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A bright idea for Indonesia's tsunami survivors

Indonesia, March 22, 2011

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  <span class="field-credit">
    Sara Velasquez/Mercy Corps  </span>
    A solar lamp, like those distributed to 250 families in Indonesia's tsunami-devastated Mentawai Islands, glowing at night. Photo: Sara Velasquez/Mercy Corps

Last night we spent the night at KM 37 in order to check on the families using the solar lights that we have distributed.

So far, we’ve distributed almost 250 solar lights to families in both North and South Pagai, survivors of last October's devastating tsunami here in Indonesia's remote Mentawai Islands.

The government doesn't provide electricity in displacement camps in North or South Pagai. Some sub-villages have a generator, which they occasionally use so that they can charge their mobile phones, listen to music or power up a machine when necessary.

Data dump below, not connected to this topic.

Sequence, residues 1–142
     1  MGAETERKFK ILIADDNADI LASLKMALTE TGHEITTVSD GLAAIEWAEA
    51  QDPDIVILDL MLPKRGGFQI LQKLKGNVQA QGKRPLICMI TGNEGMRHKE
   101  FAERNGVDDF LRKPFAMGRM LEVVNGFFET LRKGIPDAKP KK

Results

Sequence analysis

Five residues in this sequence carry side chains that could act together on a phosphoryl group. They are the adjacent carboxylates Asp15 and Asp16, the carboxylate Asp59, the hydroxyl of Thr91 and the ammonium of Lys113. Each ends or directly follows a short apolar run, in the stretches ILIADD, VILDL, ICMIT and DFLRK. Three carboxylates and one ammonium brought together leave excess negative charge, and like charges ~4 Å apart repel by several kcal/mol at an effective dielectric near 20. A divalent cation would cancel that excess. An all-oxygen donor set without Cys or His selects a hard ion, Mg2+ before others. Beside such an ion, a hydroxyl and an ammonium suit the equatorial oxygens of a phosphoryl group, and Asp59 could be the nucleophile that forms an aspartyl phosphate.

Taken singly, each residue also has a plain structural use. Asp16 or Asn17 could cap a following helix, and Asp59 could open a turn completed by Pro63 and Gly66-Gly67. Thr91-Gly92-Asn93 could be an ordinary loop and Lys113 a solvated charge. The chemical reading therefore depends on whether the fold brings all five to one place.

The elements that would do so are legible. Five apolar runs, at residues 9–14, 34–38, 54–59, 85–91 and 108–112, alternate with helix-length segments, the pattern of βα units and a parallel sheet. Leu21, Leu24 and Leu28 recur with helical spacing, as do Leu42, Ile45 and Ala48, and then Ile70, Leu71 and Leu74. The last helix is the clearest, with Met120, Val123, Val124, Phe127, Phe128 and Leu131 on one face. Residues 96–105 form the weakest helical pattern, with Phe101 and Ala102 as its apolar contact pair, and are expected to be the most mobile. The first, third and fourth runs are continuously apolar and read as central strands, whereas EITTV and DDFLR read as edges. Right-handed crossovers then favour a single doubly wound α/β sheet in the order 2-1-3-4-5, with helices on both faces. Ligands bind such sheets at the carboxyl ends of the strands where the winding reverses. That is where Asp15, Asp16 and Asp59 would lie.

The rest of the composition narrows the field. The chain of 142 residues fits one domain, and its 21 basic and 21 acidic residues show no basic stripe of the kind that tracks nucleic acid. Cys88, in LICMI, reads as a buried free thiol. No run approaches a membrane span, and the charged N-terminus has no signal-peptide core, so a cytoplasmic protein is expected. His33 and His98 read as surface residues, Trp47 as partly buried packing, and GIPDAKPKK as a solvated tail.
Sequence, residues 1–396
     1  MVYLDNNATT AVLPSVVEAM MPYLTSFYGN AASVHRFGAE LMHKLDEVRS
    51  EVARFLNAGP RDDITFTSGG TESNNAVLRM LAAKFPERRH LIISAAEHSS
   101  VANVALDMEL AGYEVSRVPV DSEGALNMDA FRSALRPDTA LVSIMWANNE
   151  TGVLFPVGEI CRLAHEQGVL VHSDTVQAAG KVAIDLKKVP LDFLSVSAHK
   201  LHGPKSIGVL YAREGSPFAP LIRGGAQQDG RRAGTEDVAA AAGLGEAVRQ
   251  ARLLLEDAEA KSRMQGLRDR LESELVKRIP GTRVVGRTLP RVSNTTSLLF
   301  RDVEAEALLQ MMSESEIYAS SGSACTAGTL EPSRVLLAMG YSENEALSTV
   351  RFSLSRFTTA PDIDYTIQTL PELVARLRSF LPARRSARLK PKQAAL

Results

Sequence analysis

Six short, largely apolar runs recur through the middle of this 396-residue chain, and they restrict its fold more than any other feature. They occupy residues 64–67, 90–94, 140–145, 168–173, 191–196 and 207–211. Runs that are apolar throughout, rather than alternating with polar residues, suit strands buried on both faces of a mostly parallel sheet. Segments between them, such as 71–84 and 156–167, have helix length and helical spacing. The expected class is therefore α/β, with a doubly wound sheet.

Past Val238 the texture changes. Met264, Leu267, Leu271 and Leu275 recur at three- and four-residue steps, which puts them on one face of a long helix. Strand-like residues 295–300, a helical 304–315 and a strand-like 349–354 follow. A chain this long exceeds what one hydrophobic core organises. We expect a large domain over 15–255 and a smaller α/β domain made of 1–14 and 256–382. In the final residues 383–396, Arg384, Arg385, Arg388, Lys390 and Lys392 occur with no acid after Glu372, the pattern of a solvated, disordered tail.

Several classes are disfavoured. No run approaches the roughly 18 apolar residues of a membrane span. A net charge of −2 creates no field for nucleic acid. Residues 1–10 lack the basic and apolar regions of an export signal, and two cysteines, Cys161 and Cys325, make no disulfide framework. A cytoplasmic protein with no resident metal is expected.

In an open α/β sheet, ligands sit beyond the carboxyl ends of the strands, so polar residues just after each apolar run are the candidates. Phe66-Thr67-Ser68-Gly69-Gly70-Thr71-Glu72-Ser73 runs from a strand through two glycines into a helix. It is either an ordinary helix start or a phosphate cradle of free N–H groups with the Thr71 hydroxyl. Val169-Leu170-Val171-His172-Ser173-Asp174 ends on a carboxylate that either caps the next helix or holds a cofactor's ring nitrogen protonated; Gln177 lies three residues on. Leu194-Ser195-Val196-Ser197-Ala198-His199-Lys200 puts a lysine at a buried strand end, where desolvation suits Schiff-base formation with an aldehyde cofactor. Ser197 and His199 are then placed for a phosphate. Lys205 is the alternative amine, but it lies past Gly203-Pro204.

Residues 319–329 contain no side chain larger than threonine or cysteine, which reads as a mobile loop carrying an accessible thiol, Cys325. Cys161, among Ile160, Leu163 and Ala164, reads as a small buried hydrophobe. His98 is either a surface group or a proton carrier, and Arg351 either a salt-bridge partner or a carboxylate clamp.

Solar lights are a huge deal to the people here.

Every household in the sub-villages we are working in has been given one, and the people love them because:

  1. They can get power from the sun.
  2. They don’t have to pay for diesel to run the generator.
  3. Some of the solar powered lights also have phone-charging capabilities.
  4. Their children get to read, write and do homework during the evening.
  5. They don’t have to use their gas lanterns, which can explode or catch their homes on fire.
  6. There is no smell.

The lights can last four hours when the maximum light is used, and up to eight hours when the light used is on medium brightness.

Families are very happy to have them, and would really love to have three or four to light all their rooms and use simultaneously.